In 2007 Caitlin Kelly found herself unable to get enough work as a journalist despite the fact that her résumé was brimming with articles she did for The New York Times, The Daily News, Wall Street Journal, Glamour, and many more national publications. So how did she end up selling high-end outdoor wear for The North Face? Times are that tough.
The book she has written about her own experience and that of others is Malled: My Unintentional Career in Retailing. It was published in April by Portfolio, an imprint of Penguin, and focuses on well-known retailers such as Nordstrom, J. Crew, Williams-Sonoma, WalMart and Best Buy.
Kelly will be at Warner Library at 7 p.m. Thursday for a reading and question-and-answer session.
“People always have a lot to say,” Kelly said of the readings, “since everyone shops and can identify with this book. Many have worked in retail, too. America is a nation of consumers.”
The book is being published in China, too, in translation, and may end up as a sitcom on CBS. A veteran Hollywood scriptwriter, who worked on Murphy Brown among others, is writing a script.
“If they like it they’ll shoot a pilot. There hasn’t been a Hollywood show set in a store,” Kelly said. “I get e-mail every day from people who are not only associates but managers as well, who are saying ‘you’ve got it right, you really understand what I’m going through.’”
Kelly lost her job as a reporter and feature writer for The New York Daily News in 2006 and just couldn’t get anything else in the field. “Twenty-four thousand journalists lost their jobs that year, a lot my age (nearing fifty) who are experienced and therefore seen as expensive.”
Passionate about her work, she’s frustrated by those who question whether she took the sales job simply to gather material. “I didn’t do it just to write the book!” she said. “I don’t do stunts. It offends me (when people say that.) I once worked on a tall ship for five days and that was to write a story, but this was 27 months of my life. I needed the money. There’s this assumption that anyone can get a job (in their field) but I couldn’t. When no one responds to my resume or answers my calls, what do I do? If you don’t understand why I made that choice, you don’t have my work ethic, my values, or my bills.”
In Malled, she talks about the big stores, interviews retail consultant Paco Underhill, upscale local retailer Jack Mitchell, Costco CFO Richard Galanti, and sales associates from around the country. She spoke with three local merchants, Aqueel Ghouri of Tarrytown Pharmacy (now closed); Hassan Jarane of successful , now in the process of expanding; and Gregg Goldberg of .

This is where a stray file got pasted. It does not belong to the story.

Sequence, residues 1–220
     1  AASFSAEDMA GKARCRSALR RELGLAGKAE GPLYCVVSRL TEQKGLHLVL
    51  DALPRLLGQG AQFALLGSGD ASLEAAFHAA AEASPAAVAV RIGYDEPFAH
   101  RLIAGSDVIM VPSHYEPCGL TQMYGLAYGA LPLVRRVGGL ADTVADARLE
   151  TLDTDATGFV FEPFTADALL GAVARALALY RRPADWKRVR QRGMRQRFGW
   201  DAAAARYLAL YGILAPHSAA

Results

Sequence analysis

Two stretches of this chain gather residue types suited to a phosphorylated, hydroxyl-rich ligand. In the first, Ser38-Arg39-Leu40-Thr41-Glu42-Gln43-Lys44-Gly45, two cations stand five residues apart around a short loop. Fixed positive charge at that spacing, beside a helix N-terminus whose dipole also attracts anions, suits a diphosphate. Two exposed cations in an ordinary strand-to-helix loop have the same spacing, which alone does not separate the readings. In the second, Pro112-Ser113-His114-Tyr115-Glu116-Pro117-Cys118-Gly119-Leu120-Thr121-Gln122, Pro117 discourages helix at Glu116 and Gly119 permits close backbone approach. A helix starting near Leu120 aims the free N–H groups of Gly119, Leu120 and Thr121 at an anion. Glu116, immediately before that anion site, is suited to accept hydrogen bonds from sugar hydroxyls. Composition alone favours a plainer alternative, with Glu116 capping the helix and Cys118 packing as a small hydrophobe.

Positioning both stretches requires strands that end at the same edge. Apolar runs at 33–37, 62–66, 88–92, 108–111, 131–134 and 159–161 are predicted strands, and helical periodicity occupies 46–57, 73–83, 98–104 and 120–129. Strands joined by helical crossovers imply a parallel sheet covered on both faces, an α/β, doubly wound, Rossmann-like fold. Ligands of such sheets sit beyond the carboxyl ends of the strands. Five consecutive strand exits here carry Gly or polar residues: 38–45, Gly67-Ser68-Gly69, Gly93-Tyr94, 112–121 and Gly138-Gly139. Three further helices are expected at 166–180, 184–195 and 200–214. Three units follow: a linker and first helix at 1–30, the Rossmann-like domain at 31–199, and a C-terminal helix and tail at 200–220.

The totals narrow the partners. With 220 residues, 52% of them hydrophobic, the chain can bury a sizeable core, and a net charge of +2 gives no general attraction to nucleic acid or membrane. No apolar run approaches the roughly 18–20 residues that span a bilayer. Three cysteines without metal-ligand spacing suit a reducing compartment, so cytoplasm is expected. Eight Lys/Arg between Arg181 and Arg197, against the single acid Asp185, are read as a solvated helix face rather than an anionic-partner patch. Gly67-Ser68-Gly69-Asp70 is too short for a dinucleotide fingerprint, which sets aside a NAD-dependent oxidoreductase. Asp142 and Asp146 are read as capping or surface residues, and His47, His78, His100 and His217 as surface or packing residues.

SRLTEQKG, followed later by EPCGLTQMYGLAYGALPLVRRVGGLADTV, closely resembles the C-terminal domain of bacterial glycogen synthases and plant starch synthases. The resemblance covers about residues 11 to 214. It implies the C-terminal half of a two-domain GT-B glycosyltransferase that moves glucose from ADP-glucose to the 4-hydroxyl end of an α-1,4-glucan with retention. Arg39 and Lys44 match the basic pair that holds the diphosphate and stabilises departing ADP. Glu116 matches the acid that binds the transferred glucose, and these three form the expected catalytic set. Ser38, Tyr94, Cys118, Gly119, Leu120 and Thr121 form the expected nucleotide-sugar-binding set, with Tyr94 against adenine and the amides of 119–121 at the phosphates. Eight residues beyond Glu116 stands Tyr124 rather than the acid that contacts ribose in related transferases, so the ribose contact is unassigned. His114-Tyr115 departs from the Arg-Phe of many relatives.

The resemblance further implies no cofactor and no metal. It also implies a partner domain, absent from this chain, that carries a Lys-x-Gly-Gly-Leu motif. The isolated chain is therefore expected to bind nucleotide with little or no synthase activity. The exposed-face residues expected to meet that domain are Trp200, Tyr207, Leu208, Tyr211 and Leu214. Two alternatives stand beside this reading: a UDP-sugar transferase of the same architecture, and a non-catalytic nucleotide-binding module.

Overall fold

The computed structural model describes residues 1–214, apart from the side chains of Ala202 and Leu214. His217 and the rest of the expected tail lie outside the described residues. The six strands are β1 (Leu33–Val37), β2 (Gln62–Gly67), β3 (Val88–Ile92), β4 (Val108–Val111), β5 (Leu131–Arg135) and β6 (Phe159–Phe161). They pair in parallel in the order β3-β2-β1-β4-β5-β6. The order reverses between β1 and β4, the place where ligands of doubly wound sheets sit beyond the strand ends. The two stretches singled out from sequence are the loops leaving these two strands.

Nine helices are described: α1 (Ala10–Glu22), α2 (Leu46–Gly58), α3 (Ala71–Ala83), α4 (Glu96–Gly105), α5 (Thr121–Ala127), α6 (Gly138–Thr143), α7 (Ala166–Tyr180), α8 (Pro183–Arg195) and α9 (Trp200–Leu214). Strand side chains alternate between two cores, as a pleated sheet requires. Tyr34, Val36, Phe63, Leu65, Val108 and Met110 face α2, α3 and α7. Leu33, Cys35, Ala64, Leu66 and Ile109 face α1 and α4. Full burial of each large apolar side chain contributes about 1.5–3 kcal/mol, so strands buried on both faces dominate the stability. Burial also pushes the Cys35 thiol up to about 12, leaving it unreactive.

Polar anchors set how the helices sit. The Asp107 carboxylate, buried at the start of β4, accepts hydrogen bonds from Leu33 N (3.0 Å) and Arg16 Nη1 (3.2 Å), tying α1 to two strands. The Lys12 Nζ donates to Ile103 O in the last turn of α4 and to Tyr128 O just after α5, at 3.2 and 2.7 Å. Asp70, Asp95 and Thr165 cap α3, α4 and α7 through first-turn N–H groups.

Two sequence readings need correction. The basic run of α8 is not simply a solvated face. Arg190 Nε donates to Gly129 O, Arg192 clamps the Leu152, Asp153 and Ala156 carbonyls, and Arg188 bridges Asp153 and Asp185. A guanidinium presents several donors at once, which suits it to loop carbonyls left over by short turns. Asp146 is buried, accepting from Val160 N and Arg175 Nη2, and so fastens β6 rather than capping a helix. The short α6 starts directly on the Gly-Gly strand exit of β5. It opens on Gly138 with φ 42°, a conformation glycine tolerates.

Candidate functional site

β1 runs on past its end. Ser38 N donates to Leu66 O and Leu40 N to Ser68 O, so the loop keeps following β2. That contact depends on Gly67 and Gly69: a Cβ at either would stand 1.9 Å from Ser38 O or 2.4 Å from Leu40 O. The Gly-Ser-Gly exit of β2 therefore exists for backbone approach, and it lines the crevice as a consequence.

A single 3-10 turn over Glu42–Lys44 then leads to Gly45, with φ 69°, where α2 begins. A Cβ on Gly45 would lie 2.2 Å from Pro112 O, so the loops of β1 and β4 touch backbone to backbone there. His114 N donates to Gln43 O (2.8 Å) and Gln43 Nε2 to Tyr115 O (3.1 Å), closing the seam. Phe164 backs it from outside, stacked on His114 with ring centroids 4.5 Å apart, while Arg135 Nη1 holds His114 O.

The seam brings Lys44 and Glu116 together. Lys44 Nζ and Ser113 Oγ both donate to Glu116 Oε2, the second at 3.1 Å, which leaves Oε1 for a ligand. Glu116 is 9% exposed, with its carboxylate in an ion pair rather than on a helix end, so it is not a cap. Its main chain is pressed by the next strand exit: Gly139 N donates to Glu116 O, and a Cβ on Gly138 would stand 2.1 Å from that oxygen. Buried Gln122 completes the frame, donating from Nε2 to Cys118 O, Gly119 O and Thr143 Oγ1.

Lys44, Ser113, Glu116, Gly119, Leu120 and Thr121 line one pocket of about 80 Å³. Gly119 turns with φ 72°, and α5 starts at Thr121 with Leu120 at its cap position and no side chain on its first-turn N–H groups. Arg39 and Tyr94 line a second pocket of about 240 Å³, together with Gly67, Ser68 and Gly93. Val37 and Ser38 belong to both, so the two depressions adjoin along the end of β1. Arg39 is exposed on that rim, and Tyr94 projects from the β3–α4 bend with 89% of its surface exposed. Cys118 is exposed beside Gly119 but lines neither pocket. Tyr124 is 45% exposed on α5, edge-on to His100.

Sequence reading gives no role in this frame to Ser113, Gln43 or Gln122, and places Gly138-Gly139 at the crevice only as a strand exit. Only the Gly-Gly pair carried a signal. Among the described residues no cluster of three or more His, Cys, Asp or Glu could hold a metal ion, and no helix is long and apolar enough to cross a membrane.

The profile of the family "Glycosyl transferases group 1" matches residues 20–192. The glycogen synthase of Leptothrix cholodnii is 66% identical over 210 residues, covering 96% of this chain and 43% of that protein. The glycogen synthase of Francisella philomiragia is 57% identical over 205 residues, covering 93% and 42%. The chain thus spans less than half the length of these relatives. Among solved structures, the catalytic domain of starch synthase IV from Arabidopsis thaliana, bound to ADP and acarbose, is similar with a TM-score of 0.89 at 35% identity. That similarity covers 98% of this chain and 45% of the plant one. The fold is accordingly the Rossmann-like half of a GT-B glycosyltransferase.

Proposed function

“Retail is like the color blue because there are so many variations within it,” she said, “it can be turquoise, navy, teal. Retail can vary from working in a store your grandfather founded, as Gregg does, with just a few people as staff, to the giant national stores. Gregg answers only to himself, and doesn’t have the excuse of the big stores that they can’t raise salaries because of insane, relentless pressure from Wall Street to show consistent profit.” She is adamant that productive sales associates deserve more pay and all of them deserve more respect.
There are positives about the retail business. Kelly spoke of Waldy Peralta, who went to work for when he was still in high school. “He was gay and Hispanic,” she said, “and rejected by his family. Gregg became almost a surrogate Dad. It’s not like an office, it’s small, and a boss relies on his staff. And we can forget these people and local stores that are so important to us…Tarrytown local stores would always be my first choice, then the big stores only if they don’t have what I need. Gregg’s prices aren’t higher, he’s smart. If Tarrytown were just a bunch of mall stores I wouldn’t live here. I’m glad it’s not. Relationships make life interesting. Even if you have beautiful merchandise yet your staff is rude, I’m not buying.”
She deplored the callousness of WalMart. In a Black Friday stampede in 2008, one of their employees was killed in the crush of bargain-hunters as the store opened for the beginning of the Christmas season. “OSHA fined WalMart $7,000, pocket change for a company that spent millions on lawyers to fight this case. They have blood on their hands. I would never shop there. They completely lack morals but nobody’s boycotting them,” Kelly said.
Chapter One of Malled can be downloaded from her website, www.caitlinkelly.com, or at http://www.malledthebook.com/ and copies of the book will be available at the reading for purchase. This is her second book. The first, Blown Away: American Women and Guns, focused on “female felons, law enforcement officers and military, legislators and lobbyists, Olympic athletes” and millions of women who’ve bought guns for self-defense and for hunting. Other stories include “women who’ve shot or been shot, or who have lost loved ones to firearms-related homicide or suicide.” She spoke of the horrors she’s heard about in the course of her work, stories that won’t go away. Excerpts from both books and many of her articles are available on www.caitlinkelly.com. One exclusive interview was with Patty Varone, the female bodyguard who was with Rudy Giuliani on the morning of September 11, whose job it was to keep him safe that day.
“My interview with Brian Lehrer on WNYC was rerun for Labor Day,” Kelly said. “I was really honored that they included me.” Hear it online through her website (click on “author”) or at www.wnyc.org. Kelly recently gave the closing keynote in Minneapolis at the Retail Customer Experience Conference, where she spoke as “the voice of associates who don’t usually have one.”